While there have been controversial decisions by the Federal Constitutional Court, overall it is held in high esteem by the German People and is widely seen as functioning well.
If there were deep public disagreements about fundamental court rulings like Roe vs Wade in the US or polarization comparable to Democrats vs Republicans the appointment procedures would probably very quickly come under public scrutiny as well.

Since I already used the US as an example it should also be noted that multi-party-systems usually have far better relationships and cooperation between the respective parties than a two-party-system, since the parties have to enter coalitions to form a government, which makes appointments that require cross-party-cooperation significantly easier since the parties are used to working and cooperating with each other.

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    "multi-party-systems usually have far better relationships and cooperation between the respective parties" a multi-party system also has more room for nuance. If there are 5 or 6 parties, you can agree with some of them on some issues, without immediate danger of losing your "voter profile" or being brandished a traitor to the cause.
    – xLeitix
    Oct 13, 2021 at 12:53
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    Even in the US the nomination process for well qualified judges wasn't treated as a normal political matter, that's a very recent development. Even given contentious issues like RvW it was more a question of competence-- judges that would be considered "highly partisan" today like Ruth Ginsburg and Scalia both sailed through with 95+% of votes just ~30 years ago. Never would happen today. Failed nominations occurred, but they failed due to lack of competence or particularly extreme opinions and failed in a bipartisan manner (Harriet Miers was objected to on qualifications by both parties)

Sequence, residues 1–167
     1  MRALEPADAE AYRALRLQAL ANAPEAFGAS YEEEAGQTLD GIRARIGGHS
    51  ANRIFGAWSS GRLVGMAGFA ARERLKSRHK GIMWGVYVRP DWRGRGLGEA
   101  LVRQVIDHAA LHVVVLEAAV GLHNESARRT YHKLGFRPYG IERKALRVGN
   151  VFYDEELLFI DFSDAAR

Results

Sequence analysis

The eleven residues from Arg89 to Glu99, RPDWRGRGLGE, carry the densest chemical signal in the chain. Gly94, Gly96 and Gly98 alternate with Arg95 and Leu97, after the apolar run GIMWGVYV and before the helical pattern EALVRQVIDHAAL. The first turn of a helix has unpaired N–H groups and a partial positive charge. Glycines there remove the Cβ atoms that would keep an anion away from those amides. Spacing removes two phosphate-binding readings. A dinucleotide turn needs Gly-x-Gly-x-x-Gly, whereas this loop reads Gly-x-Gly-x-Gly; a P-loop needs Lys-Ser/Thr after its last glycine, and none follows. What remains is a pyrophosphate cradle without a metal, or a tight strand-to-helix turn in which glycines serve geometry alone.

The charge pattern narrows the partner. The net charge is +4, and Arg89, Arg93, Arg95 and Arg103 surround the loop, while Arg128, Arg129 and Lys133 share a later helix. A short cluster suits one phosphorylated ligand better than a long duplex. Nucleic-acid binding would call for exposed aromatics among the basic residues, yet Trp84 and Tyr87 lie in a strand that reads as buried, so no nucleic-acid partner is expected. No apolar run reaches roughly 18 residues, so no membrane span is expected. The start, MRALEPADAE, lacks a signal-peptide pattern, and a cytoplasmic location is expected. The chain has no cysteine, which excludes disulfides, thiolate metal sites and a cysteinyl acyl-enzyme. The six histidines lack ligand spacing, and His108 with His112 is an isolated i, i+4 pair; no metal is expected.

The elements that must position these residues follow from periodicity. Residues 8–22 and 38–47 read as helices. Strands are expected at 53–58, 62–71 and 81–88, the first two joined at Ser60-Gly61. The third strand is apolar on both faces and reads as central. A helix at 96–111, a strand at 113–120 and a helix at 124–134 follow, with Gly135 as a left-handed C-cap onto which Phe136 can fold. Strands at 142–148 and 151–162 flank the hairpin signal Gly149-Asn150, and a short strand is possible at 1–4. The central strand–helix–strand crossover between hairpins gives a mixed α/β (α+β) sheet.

– eps
    Oct 13, 2021 at 15:22
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    A separate reason why the German high court isn't as controversial as in the US is because the German constitution is, by and large, much better written. It actually addresses things directly without the oblique and diffuse language of the US Constitution. (That may not be that surprising: The US Constitution had very little precedent, and the German constitution was written 160 years later.) As a consequence, the decisions by the German high court are often about more technical things because the big questions are clear and uncontroversial in the German constitution. Oct 13, 2021 at 20:23
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    @WolfgangBangerth: Indeed, there was significant input from the Allied powers, including US Constitutional Scholars. In a sense, the German Constitution is the culmination of lessons learned from the failed Weimar Constitution as well as the failed 1848 Revolution, the US Constitution and its Amendments, the UK, and France, with added safeguards based on the experiences of the Third Reich. It's essentially a Best-Of album of German covers of the greatest international political systems :-D Oct 13, 2021 at 22:52
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    I also think it helps the judges are seen as, and expected to be, non-partisan. They are to judge whether something is in accordance with the constitution, period.
    – kutschkem
    Oct 14, 2021 at 6:38